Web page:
In other ways, Kaye sees herself a lot in her character. “I am very passionate about my work. I like peace, tranquility. And I’m looking for a place where I can sit and say, ‘This is my home.’ “Playing a teacher comes naturally too, because Kaye actually taught drama and literature when he was in college. “I love the breadth of Shakespeare and classical theatre,” he says, “and there’s a place for that in this medium. People loved the Romeo and Juliet thing we did in class because they felt that hour was not wasted.
Of course, Kaye doesn’t greet all soap opera scripts so enthusiastically, especially ones marked “Patrick, shirtless, panting,” as he puts it. “If you have to take your shirt off because it’s on fire, that’s one thing,” he smiles. “Otherwise, I’ll say, ‘Why?’ During the remote where I had to do a riding scene, I said, “How come I don’t have a jacket on?” They said, ‘You were in such a hurry [you forgot it].’ I said, ‘It’s very cold, I saddled my horse, put on a new shirt and a waistcoat and didn’t take a jacket? Why don’t you just say you want to see my chest? ”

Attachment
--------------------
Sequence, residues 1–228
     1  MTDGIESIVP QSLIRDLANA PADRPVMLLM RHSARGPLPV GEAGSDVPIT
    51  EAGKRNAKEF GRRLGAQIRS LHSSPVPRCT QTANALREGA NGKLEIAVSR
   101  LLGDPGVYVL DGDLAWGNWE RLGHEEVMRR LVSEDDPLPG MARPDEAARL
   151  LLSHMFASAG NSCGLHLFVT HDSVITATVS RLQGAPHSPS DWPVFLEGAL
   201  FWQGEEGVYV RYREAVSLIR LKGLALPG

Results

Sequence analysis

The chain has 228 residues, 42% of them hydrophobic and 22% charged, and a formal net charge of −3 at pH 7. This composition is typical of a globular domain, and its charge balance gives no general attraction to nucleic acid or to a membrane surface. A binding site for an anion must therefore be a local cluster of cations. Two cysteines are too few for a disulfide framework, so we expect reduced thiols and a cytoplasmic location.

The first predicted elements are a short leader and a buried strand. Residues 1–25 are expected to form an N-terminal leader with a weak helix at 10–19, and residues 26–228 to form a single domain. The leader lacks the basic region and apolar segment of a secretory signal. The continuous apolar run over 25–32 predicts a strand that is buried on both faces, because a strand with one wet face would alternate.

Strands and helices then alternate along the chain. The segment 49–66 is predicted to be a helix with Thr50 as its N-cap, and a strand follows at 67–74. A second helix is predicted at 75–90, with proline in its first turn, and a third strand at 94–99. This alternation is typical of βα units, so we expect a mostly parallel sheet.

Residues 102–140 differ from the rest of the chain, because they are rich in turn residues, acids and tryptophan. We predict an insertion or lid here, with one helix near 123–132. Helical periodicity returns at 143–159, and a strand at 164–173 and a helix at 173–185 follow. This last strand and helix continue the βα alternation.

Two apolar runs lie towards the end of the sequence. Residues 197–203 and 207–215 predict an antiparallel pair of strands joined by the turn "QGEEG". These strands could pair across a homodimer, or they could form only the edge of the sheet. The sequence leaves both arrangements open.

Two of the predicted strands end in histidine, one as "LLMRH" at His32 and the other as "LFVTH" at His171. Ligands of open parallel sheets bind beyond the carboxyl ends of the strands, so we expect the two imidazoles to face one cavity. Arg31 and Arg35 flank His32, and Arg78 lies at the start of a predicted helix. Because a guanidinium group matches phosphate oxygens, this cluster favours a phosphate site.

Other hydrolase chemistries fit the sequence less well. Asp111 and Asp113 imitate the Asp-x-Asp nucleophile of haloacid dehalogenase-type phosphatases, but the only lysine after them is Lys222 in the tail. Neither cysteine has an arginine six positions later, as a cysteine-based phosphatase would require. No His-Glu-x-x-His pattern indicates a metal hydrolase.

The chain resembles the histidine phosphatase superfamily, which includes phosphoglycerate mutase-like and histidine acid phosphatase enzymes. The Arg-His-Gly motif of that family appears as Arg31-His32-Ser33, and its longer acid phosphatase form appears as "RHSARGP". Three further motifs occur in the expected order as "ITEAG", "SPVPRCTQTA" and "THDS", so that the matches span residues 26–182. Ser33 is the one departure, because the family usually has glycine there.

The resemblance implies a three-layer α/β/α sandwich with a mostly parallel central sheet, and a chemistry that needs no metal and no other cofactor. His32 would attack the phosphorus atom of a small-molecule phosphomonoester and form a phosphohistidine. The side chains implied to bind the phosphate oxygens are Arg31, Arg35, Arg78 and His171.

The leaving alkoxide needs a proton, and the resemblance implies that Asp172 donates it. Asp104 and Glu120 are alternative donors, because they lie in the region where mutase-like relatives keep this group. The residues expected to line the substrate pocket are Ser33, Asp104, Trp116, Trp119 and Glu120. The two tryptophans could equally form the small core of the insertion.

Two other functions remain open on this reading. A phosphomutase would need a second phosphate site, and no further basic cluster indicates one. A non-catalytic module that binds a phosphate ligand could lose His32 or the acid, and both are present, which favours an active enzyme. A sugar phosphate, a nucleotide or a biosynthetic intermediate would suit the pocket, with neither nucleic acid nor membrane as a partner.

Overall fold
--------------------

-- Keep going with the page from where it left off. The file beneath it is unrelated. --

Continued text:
Still, her frustration with soap work doesn’t leave Kaye dreaming of movie stardom. “It would be nice to make a movie that means something, like Braveheart or Rob Roy,” he says. “But I don’t want to end up like some of these movie stars, unhappy because they want someone else’s career. They’re as mad at themselves as I am.
“I would love to fall asleep one night and feel satisfied with my work,” says the critically and fan acclaimed artist. “I don’t know what it’s going to take. It may never happen.
just the facts
Date of Birth: February 22
Favorite Classical Role: Macbeth
true romance: “Buying something is not romantic. Having a conversation with someone – listening and honestly telling them how you feel – is a romantic thing to do.
The Female Factor: “Most of my friends are women. I just enjoy their company. That doesn’t mean I have to go home and sleep with them.
Keeping Your Personal Life Private“It’s the only thing I have that’s mine. If I don’t have that, I have nothing.